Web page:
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Tools & Supplies

Use a Stitch Regulator for Free-Motion Stitching on Garments

This specialty attachment helps ensure even stitching.

A stitch regulator is a tiny computer attached to a sewing machine that constantly adjusts the machine’s stitch speed to accommodate the speed of the fabric during free-motion stitching. This ensures balanced, equal-length stitches. Computerized stitch regulators have been an exclusive feature of longarm quilting machines for many years.

Happily, some manufacturers have started offering stitch regulators for their short-arm sewing machines, expanding the embellishment options available to garment sewers and others who don’t typically work on large-format quilts.

In free-motion stitching, the machine’s feed dogs are dropped and the presser foot is replaced with a floating foot, similar to a darning foot. This enables sewing in any direction. You control the direction with your hands and the speed with the foot pedal. A stitch regulator takes this process one step further: It allows you to stitch at your preferred speed in any direction without the foot pedal. The stitch regulator’s computer sensor reads the speed of the fabric’s movement as it powers the machine, and adjusts the stitching speed to match, ensuring even stitches. You can move the fabric in any direction without pivoting and raising and lowering the presser foot, so appliqué and embellishment go faster.

Bernina BSR stitch reulator featured in Threads MagazineBernina’s patented BSR (Bernina Stitch Regulator) fits on many of its newer machines. One speed setting offers a set number of stitches per minute as you move the fabric. The second setting produces regulated stitches at the variable speed of your hands.

Working with a stitch regulator foot on your sewing machine can improve your free-motion stitching on collaged and quilted garments. Sewers who are inexperienced with quilting but who want to use quilting techniques to embellish their garments will find this sewing machine foot handy.
A stitch regulator foot enables you to imagine fabric and garment surface designs in new ways. The following examples show free-motion quilting techniques that are enhanced and improved by using a stitch regulator attachment.

Outline and echo stitching
You can create patterns by tracing a printed motif’s shape in stitches. You can also “echo” the shape with concentric stitching lines that radiate from the printed motif. This technique can be used to draw attention to a bold print or woven design. It is perfect for whole-cloth quilting to showcase a beautiful fabric; the fabric, batting, underlining and/or lining layers are joined by stitching that echoes the print.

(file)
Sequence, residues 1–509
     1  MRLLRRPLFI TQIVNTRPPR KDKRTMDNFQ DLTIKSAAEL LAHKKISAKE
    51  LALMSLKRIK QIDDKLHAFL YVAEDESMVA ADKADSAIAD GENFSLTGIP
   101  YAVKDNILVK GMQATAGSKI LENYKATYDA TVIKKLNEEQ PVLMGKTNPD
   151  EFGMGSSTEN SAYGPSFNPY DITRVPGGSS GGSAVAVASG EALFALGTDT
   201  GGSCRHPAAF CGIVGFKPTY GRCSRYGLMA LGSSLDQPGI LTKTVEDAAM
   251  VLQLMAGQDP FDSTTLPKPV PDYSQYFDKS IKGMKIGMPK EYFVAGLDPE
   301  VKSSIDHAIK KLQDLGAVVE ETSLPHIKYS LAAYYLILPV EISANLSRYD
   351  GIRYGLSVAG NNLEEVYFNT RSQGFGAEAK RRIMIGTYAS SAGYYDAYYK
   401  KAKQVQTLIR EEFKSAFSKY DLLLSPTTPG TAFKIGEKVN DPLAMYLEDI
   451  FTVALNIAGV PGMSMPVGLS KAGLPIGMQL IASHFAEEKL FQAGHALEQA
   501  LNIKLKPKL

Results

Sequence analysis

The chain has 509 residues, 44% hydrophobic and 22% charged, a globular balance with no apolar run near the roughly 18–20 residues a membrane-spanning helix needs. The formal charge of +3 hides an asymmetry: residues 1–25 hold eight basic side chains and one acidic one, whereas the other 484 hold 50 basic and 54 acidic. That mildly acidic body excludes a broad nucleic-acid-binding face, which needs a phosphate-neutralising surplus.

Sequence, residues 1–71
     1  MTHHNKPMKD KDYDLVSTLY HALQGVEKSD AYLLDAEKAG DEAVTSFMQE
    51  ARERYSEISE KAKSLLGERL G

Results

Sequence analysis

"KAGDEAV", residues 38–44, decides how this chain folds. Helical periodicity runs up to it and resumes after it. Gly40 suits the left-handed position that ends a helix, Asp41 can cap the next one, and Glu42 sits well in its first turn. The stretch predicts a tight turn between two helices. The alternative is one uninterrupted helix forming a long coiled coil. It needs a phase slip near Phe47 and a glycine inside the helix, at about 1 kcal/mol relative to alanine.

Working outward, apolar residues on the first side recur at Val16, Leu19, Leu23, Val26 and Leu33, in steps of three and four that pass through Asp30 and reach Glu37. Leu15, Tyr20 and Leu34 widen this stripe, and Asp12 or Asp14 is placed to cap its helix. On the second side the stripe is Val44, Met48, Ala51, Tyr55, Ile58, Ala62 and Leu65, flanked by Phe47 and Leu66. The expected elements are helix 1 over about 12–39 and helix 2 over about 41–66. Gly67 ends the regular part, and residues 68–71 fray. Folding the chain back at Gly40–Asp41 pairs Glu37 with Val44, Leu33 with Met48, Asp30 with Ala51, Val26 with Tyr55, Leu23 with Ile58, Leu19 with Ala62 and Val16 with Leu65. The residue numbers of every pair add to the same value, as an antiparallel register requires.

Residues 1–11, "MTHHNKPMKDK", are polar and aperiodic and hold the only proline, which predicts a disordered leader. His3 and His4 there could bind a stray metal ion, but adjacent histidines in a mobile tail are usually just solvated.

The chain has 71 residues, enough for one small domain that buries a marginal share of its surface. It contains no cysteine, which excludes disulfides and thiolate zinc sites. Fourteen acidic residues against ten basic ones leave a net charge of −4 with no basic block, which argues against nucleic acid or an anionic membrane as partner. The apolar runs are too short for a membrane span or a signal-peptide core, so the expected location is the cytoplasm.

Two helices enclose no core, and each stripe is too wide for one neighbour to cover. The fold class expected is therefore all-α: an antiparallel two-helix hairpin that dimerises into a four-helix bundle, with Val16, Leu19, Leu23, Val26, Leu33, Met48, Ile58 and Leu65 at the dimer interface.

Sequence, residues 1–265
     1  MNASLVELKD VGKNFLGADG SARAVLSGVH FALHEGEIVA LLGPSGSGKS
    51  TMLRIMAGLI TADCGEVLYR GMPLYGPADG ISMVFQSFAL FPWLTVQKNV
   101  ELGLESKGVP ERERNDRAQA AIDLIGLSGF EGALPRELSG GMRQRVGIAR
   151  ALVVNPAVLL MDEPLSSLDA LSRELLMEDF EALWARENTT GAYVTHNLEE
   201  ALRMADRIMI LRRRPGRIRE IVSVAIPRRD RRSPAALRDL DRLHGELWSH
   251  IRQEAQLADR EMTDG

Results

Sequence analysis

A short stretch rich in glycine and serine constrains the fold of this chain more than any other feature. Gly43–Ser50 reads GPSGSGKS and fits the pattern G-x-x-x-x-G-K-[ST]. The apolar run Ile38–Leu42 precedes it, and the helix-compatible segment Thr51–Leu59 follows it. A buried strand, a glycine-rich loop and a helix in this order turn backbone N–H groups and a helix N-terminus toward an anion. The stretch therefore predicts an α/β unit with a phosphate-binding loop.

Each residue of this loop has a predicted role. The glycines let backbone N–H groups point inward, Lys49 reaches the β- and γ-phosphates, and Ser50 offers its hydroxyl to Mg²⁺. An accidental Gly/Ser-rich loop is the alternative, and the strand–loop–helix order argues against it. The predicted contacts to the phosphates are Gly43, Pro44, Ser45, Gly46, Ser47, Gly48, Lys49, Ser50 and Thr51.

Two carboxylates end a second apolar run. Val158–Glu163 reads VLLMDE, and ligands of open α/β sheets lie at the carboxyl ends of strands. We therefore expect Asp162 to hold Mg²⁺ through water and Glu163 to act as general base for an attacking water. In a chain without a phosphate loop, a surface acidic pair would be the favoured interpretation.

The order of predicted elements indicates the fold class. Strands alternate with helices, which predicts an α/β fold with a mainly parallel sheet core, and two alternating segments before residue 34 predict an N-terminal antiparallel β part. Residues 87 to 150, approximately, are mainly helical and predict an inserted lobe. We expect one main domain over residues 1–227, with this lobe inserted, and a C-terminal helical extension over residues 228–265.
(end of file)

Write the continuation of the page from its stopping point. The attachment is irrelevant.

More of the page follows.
Fabric creation
A stitch regulator foot gives you greater control while free-motion stitching enables you to make unique fabric or trim from fabric strips, scraps, or yarns. Layer your chosen strips, scraps, yarns, or threads onto water-soluble stabilizer and then free-motion-stitch or thread-paint as desired through all the layers. When you’ve finished stitching, wash away the stabilizer.

Raw-edge appliqué and collage
Create a fabric collage with appliqués, and leave the edges unfinished. This method enables you to design simple patterns or complex scenes on a background fabric. Place the appliqués as desired, and use free-motion stitching to secure them. Add detail stitching as desired.

Challenges and solutions
Regulated free-motion stitching may take some getting used to, but practice is the key to success. Here are some tips for adapting to regulated free-motion sewing:
• Change your sewing space or your posture. Try placing your machine on a higher table and standing to sew.
• Work on flat pieces, not assembled garments. Decorate each garment section before you add seams and darts. You can go back after construction to add stitches or appliqués that cross seamlines.
• Plan for your stitching to start and stop in a circular pattern to allow a little back tack to secure threads. Then clip the thread tails before continuing, and plan for only a few starts and stops.
• Consider adding beads or other embellishments to cover awkward stops and starts.
• Test your ideas on fabric scraps using your chosen thread and techniques. This practice gives you a chance to evaluate your choices and skill level.
• Draw your stitching plans on paper, and then trace the designs with your fingers to familiarize yourself with the motions needed.
• Purchase a pair of sticky-fingered quilting gloves to help you control the fabric while stitching.
• Sew with the stitch regulator a little every day as you prepare for a new project.

Trim application
Free-motion stitching and a stitch regulator make it easier to apply lace appliqués or scalloped lace trim. You guide the fabric and lace under the needle as necessary to anchor each curve, leaf, or flower. You can even apply beaded lace trim this way; be sure to navigate slowly and carefully around beads.

This article, written by Rae Cumbie, was excerpted from Threads #189 (Feb./March 2017).

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